Evergreen plants & trees


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Evergreen plants belong in every garden. These provide some texture and color in the winter when the rest of the garden is asleep. However, you need some care and especially water in winter.
Since evergreen plants and trees retain their foliage in winter, they also evaporate water during the cold season. This moisture must therefore be available to the plants constantly in winter. Casting is only on frost-free days, in dry weather. Many evergreen shrubs are planted as hedges, but some of them also make themselves a very good specimen plant in the garden or in the tub.
Examples of evergreen plants & trees
The most popular evergreens include most conifers as well

  • Buchs,
  • Ilex,
  • rhododendrons,
  • yews,
  • arborvitae,
  • Cherry laurel...
and even some perennials, such as feverfew. Many evergreen trees in late autumn and winter bear pretty red fruits or berries. These not only serve as a natural decoration in the garden, but they are also a good source of food for the bird life, which spends the winter here.
care Tips
Especially in the case of Buchs, Thujen and conifers, it is also very important to free them of the snow load in winter. Snow is heavy and can damage the shoots of plants. Therefore, they are shaken gently, so that the snow can fall from the branches. Books and smaller rhododendron species are often planted in pots. Here it is important that they are neither too wet nor dry out.
Most boxwood trees kept in tubs suffer dry-damage in winter. If the leaves turn brown and die, it is not due to frost, but mostly due to lack of moisture. In harsh areas, even winter protection can not hurt. Jute sacks are best suited for this. It is best to place the pots in a protected position, if possible, so that the casting can be controlled. So you can prevent too much, but also a lack of water. Both would be fatal for the plants.
Beware of conifers and exotics
As already mentioned, the conifers are one of the most popular evergreens, and it is also true that they bring green color in the garden in winter. Nevertheless, the conifers in your garden should better remain single points of view, first because a "uniform green cone" is perceived by the majority of people as simply monotonous, and secondly, because the conifers also have some disadvantages:
In Germany, only a few conifers occur in a natural way: yews and pines, spruces and silver firs - the silver fir is considered the most sensitive native tree species, because it is attacked by a variety of pests. These conifers would only grow in nature as monoculture. Pure fir forests can only be found where spruce trees can no longer be seeded and red beech trees are formed early due to extreme environmental conditions. Pine forests do you know? These, too, have arisen out of sheer necessity, pine trees can not stand up to the competition of all sorts of other trees, so they settle there where their unbelievable unpretentiousness brings them an advantage, the natural pine forests here always grow in extreme locations. So if your garden has good, nutrient-rich soil, pine trees will not last very long.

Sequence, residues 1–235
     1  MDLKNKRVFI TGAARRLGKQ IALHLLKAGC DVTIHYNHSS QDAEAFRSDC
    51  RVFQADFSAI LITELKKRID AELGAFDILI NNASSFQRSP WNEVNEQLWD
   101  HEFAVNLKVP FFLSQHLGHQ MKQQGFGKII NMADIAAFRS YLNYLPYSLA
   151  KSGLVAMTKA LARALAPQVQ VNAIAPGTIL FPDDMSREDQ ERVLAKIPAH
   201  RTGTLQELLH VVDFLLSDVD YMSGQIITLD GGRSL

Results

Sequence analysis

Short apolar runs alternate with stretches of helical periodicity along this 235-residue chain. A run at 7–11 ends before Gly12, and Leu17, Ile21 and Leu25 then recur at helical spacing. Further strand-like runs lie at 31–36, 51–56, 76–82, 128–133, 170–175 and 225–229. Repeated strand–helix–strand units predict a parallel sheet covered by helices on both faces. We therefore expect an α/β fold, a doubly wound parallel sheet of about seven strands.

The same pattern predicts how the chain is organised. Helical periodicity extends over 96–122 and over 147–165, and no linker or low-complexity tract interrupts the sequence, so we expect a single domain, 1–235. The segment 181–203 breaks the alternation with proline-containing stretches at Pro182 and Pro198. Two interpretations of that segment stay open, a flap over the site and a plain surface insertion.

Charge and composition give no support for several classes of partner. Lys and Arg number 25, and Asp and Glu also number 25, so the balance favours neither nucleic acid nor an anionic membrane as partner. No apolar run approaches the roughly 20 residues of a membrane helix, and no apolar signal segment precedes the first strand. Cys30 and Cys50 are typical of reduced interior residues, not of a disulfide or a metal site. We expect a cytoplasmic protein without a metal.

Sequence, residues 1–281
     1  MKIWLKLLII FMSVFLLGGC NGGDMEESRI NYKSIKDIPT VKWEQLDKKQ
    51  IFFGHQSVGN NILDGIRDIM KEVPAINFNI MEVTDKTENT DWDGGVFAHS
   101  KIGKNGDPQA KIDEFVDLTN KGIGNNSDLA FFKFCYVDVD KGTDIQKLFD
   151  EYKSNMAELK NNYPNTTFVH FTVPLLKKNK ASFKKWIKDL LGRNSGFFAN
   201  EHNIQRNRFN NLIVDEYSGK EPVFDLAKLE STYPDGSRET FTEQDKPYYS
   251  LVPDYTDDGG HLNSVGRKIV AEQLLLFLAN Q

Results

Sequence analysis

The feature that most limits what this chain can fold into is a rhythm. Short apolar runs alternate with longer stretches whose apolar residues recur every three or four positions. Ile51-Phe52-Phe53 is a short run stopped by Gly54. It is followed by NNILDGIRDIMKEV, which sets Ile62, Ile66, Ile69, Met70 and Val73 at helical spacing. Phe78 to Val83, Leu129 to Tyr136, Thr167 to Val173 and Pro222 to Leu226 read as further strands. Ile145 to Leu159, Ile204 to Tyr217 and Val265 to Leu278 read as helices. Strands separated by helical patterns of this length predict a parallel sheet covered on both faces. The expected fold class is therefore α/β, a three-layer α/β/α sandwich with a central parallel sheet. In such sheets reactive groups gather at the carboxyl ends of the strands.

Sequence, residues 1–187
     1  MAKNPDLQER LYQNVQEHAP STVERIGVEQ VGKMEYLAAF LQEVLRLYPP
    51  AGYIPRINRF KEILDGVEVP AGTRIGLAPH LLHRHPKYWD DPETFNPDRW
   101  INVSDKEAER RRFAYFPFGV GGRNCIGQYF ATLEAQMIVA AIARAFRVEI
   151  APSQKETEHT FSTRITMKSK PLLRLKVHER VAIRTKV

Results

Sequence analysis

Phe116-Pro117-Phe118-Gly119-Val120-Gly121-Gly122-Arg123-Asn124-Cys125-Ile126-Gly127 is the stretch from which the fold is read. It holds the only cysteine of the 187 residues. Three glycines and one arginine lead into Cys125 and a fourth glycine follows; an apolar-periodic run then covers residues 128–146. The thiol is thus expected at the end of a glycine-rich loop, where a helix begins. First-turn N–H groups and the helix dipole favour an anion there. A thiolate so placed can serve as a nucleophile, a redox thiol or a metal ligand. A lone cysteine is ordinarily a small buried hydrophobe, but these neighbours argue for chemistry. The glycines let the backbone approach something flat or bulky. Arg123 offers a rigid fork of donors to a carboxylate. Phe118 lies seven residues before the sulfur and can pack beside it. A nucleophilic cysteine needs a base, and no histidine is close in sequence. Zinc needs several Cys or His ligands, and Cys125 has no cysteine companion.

On the other hand, you have a good chance of making your garden just such an extreme location if you plant coniferous trees in excess. Because they then lead to an acidification of the soil that most plants do not like so much. Only moss finds it great, you will soon find plenty in your lawn.
Of the birds in your garden, however, you should say goodbye in time if you want to set "a green army". Even with our native conifers, our species of birds and insects can not do that much, and if you choose non-native species (which includes most conifers) they will not find any food at all.
Also with other evergreen exotics restraint is announced for the same reason, and besides you do you no favor, if you plant a plant with tropical origin in your garden, even if the salesman still so plausibly assured that this with us "completely hardy" be. Even if breeders were at work here, who genetically infused this plant with a little bit of winter hardiness, this usually comes at the expense of other positive properties, eg. B. Resistance to disease.
Local evergreen in the garden
If you prefer that everything in your garden grows very relaxed and the assembled plant society also benefits our environment, you should choose the evergreen plants that our native flora has to offer:
  • Book trees and holly trees have already been mentioned, both can also be planted as a hedge and the latter even provides you with a pretty Christmas decoration for your home.
  • If you are looking for a long-lasting native wood for a hedge or as a tree and the "always" does not necessarily have to be associated with the color green, then a hornbeam would be an option. This often keeps its leaves into the winter, they turn to brown, but at least still provide privacy and a "leafy sight".
Whatever else stays green all year round and feels good in our climate will only reach tree height if you offer support through a climbing aid. Then you even have a lot of choices:
  • Well-known native and evergreen climbers are ivy and evergreen honeysuckle.
  • Less well known are the evergreen purple creeping spindle and the Akebie, which is almost wintergreen, at least in mild climates.
  • The common blackberry can not only climb, but leaves usually until late into the winter leafy.
But you could also just take advantage of the fact that the native nature likes to hibernate - in a thoughtfully landscaped natural garden also gets the gardener this break, from November to March, he uses this time to plan the next garden season and considered through the window his ripe Apiaceen (Umbelliferae) in the garden.

Video Board: The Importance of Evergreen Plants.

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